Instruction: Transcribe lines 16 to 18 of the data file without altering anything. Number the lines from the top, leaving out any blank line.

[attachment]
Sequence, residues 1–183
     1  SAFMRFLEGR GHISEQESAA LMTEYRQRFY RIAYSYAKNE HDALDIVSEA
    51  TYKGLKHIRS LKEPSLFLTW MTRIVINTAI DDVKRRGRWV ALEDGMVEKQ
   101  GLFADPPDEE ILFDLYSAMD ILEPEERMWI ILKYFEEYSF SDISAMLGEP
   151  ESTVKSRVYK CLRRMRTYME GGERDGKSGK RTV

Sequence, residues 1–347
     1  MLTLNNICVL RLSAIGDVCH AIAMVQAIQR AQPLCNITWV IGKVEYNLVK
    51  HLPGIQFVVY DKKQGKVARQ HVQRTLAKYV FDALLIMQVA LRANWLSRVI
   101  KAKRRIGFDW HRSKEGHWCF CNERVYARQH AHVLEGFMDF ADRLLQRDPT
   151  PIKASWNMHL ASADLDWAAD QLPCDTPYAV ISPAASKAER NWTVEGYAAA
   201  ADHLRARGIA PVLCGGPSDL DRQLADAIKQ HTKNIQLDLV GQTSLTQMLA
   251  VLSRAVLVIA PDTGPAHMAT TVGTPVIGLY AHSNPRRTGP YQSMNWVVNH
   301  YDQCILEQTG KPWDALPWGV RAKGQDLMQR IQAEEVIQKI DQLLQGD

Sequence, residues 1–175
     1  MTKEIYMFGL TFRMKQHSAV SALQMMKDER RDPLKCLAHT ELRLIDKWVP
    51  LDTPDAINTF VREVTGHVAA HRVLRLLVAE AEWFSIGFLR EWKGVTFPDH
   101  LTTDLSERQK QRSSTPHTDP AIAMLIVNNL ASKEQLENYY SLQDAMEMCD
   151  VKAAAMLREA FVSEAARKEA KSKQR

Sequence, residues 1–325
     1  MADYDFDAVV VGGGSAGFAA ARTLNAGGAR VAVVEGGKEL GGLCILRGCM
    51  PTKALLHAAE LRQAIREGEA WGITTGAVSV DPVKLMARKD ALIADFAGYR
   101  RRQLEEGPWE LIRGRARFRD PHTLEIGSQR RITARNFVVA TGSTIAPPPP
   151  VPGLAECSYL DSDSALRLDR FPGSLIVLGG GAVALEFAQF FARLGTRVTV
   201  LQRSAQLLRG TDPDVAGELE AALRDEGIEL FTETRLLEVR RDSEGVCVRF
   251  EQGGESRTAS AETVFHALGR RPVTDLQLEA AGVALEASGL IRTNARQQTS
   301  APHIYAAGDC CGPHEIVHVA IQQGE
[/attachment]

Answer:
    51  LDTPDAINTF VREVTGHVAA HRVLRLLVAE AEWFSIGFLR EWKGVTFPDH
   101  LTTDLSERQK QRSSTPHTDP AIAMLIVNNL ASKEQLENYY SLQDAMEMCD
   151  VKAAAMLREA FVSEAARKEA KSKQR